This research project, co-funded by Ammalife, investigated whether training and supporting traditional birth attendants could improve maternal and newborn mortality rates. The research was led by Ammalife Change Maker, Amie Wilson, and suggests that training traditional birth attendants could be a worthwhile alternative for when skilled birth attendants are unavailable.


In developing countries both perinatal and maternal mortality rates are high with over 358,000 mothers and six million newborns dying each year. It is estimated that 52 million births take place without the help of a Skilled Birth Attendant (SBA). Women often choose to give birth with a Traditional Birth Attendant (TBA) instead. There are several reasons for this which include cultural barriers to healthcare access, as well as geographical and financial reasons. It is estimated that more than half of births in developing countries occur with a TBA. Training programs for TBAs started over six decades ago in areas of high maternal mortality. Such training has been described as ‘promising’ yet not much research has been conducted on the subject. Since the training began it is unclear how effective it has been and so this meta-analysis aims to assess the outcomes.


A literature search was carried out using several databases to select both randomised and non-randomised controlled trials providing data on perinatal, neonatal and maternal mortality. Six cluster randomised controlled trials and seven non-randomised controlled trials were selected for review with a total of 210,774 participants. There was a wide variety in the level of training and roles of TBAs with no trials comparing the effect of having a birth attendant present. The trials compared initiatives that included training and support for the TBAs with those that had little or no training.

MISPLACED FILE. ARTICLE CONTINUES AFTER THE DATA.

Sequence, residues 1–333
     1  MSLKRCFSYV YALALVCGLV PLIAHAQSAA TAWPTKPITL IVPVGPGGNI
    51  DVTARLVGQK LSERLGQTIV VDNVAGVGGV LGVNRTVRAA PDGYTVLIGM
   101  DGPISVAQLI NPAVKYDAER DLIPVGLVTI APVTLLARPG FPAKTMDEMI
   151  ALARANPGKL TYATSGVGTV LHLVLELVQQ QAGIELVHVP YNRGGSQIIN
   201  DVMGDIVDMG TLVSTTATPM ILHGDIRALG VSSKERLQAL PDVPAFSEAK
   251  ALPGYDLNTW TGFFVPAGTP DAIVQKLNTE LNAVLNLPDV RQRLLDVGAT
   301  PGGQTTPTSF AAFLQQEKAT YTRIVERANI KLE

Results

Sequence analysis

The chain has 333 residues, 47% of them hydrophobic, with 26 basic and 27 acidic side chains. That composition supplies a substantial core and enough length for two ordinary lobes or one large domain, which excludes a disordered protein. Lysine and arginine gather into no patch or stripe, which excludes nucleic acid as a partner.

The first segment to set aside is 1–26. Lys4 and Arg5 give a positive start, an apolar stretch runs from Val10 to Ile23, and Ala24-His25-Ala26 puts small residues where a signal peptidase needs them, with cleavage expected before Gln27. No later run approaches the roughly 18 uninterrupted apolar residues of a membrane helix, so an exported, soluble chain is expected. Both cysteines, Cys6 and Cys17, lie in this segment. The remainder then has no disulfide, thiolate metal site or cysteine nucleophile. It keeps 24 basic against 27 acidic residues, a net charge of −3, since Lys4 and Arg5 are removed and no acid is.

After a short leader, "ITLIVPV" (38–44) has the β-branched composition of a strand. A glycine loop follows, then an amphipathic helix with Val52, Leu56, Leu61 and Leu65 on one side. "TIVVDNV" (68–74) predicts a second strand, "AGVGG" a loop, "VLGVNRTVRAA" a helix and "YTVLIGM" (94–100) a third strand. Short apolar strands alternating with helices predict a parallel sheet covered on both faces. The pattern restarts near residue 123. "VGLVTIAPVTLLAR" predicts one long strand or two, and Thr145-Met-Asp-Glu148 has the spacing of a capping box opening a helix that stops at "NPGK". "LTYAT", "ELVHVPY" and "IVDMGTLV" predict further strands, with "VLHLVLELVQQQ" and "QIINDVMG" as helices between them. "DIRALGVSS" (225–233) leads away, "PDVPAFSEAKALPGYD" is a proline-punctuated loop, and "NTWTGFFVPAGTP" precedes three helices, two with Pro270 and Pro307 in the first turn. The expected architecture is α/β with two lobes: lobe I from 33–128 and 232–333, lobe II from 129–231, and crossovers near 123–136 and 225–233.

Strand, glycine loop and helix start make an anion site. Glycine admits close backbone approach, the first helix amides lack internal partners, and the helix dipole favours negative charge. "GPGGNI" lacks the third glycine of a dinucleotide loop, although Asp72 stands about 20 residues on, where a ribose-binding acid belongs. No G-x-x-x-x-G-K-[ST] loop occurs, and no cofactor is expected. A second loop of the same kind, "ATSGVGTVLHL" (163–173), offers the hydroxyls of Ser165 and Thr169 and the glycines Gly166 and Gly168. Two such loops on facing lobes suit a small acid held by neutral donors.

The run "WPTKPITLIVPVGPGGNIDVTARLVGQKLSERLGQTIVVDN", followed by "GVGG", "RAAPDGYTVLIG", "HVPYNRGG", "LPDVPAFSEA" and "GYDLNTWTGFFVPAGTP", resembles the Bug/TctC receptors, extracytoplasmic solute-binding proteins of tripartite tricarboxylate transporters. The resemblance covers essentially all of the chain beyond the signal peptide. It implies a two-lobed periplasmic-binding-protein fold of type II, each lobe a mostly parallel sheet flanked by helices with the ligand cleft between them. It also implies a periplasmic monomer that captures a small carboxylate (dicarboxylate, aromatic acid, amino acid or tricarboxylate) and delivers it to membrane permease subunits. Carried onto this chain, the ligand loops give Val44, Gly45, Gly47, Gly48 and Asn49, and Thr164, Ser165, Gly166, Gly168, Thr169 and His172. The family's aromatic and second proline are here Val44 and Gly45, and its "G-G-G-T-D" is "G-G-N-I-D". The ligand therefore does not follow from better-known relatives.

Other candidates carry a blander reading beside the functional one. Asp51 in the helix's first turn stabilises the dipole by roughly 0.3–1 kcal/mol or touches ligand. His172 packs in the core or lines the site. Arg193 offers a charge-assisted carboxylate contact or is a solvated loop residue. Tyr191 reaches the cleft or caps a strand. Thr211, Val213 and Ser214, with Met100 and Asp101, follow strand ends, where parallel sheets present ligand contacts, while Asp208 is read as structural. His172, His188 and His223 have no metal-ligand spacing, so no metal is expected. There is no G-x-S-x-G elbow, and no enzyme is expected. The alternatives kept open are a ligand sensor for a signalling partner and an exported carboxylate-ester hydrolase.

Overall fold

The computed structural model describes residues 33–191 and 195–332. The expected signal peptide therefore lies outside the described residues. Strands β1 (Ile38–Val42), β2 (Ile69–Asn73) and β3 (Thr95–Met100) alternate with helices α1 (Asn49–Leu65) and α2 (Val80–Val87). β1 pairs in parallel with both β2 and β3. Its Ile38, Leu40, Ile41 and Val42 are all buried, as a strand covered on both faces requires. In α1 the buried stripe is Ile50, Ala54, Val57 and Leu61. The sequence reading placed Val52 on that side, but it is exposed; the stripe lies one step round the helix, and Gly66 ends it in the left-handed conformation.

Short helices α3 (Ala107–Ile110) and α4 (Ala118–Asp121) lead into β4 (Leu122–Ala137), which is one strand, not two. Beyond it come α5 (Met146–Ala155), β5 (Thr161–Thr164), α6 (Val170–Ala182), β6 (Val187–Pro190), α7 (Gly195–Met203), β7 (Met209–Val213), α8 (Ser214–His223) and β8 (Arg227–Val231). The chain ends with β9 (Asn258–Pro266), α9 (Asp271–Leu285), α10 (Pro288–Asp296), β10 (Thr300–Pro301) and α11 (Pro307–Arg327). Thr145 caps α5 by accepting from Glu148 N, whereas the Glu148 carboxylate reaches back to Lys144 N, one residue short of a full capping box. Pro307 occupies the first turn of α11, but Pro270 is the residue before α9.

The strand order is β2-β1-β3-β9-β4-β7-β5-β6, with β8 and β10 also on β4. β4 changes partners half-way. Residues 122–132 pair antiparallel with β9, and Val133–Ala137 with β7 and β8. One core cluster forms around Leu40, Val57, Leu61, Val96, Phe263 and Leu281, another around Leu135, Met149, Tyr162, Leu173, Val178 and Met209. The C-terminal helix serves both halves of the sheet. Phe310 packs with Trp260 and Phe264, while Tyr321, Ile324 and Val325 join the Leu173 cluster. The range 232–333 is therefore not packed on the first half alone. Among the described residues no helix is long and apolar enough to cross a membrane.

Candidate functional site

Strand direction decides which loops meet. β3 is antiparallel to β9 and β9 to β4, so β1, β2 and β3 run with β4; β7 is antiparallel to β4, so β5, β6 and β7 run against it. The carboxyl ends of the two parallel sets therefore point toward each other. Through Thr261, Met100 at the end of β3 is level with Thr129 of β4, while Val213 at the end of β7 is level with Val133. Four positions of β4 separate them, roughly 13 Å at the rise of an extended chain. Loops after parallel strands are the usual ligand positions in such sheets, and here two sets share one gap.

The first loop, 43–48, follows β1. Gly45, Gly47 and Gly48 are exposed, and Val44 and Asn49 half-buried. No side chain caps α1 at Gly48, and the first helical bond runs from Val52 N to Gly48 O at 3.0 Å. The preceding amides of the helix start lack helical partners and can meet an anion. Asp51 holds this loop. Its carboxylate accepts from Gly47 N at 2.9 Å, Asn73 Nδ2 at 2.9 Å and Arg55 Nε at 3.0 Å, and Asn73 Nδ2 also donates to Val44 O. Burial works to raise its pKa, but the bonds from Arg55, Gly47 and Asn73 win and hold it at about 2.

Both perinatal and neonatal mortality rates were significantly decreased by interventions incorporating the training, linkage, and support of TBAs. However, there was no similar reduction in maternal deaths. In addition, based on meta-analysis it cannot be concluded that more support for TBAs leads to better perinatal outcomes, as other factors may have influenced the results.


The study concluded that TBAs who haven’t been properly trained or supported, are unlikely to improve healthcare outcomes for mothers and babies. Those without strong links with healthcare institutions and resource supplies are also unlikely to be effective. The authors concluded that the most effective intervention to improve perinatal and maternal outcomes is the use of SBAs. Nevertheless, TBAs continue to represent a more feasible, culturally accessible option for many women in economically underdeveloped countries. The authors suggest that if SBAs are unavailable, training TBAs to fill their roles could reduce perinatal death by approximately 24%.

In the absence of skilled birth attendants, training and supporting traditional birth attendants has been found to improve perinatal health outcomes.

Full research paper title:

‘Effectiveness of strategies incorporating training and support of traditional birth attendants on perinatal and maternal mortality: meta-analysis’

Read the full research paper in the BMJ here.

With thanks to Content Volunteer Rachel Howard for summarising this article.